How to Tie and Lace Dress Shoes

The Balmoral, also commonly known as the Oxford, is the most formal dress shoe you will find in its category. Always looking sleek and timeless, they are considered so formal because of their fully closed lacing, which contrasts against their less traditional counterpart, the Derby.

You probably assumed that dress shoes can be tied like regular shoes, but there are many unspoken rules when it comes to formal wear. Regardless of the dress shoe style, this guide aims to help you not make a fool of yourself in front of an esteemed company; when you finish reading, tying dress shoes will be a breeze.

Choosing Laces

There is no guaranteed best shoelace for dress shoes as it all depends on your preference. Some may prefer a different style, be they round or flat laces, and some may choose brighter, eye-grabbing colors for a more contemporary look.

Fundamentally, laces that are closest to the color of your shoe are the most formal option. A conservative, corporate environment induces the idea of uniformity and formality.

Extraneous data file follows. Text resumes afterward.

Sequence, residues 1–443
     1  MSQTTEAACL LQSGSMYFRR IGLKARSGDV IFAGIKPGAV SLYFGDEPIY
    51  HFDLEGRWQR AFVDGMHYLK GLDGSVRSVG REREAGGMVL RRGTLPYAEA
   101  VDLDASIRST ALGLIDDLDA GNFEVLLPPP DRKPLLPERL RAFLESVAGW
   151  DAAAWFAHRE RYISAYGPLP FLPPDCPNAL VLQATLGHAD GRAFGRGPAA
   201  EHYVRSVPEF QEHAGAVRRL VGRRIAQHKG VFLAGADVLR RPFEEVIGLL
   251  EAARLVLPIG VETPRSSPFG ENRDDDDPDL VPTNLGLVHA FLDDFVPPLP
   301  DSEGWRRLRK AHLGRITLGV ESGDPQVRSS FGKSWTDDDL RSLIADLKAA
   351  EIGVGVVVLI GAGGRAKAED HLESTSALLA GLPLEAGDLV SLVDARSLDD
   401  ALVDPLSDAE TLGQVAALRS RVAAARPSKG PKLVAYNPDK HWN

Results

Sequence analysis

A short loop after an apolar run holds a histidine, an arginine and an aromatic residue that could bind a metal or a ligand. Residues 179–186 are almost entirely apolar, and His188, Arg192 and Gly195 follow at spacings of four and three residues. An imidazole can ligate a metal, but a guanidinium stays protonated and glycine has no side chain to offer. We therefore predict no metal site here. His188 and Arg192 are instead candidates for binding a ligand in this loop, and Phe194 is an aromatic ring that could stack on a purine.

Colorful shoelaces are best for formal events with more leeway. It’s also a good style choice to match your shoelaces with other items on your person, like a pocket square, for a cohesive look with a bit of personality.

The Ways to Lace Dress Shoes

There are six different ways to tie dress shoes. Your choice should be determined by the style of the shoe, the length of the shoelaces, as well as your stylistic preference. The number of eyelets that the shoe holds also narrows down your choices. The eyelets are the row of paired holes on the shoes where the laces interweave.

The most common is the ‘criss-cross,’ and it is seen on regular sneakers. It’s the easiest, therefore the most functional. The ‘diagonal’ technique resembles the helical structure of DNA. The ‘straight bar’ technique is a choice for formal events due to its simplicity and overall symmetry; it’s best for shoes with an even set of eyelets. The ‘over-under’ technique is best known for the simplicity of its crosses, making it easy to tighten. The ‘lattice’ technique is for wearers that want a more elegant design of lacing; it’s easier to do with six pairs of eyelets.

The final lacing technique is the ‘vice versa.’ It’s the most modern of the designs as it looks very minimalist, and it also has the most hidden lacing.

The How-To

Make sure the shoe is facing you. Most of these lacing techniques begin by creating a straight line either under or across the top of the bottom pair of eyelets. Enter one side of the lace into an eyelet and do this with the other. Make sure that the shoelace is even before starting the pattern.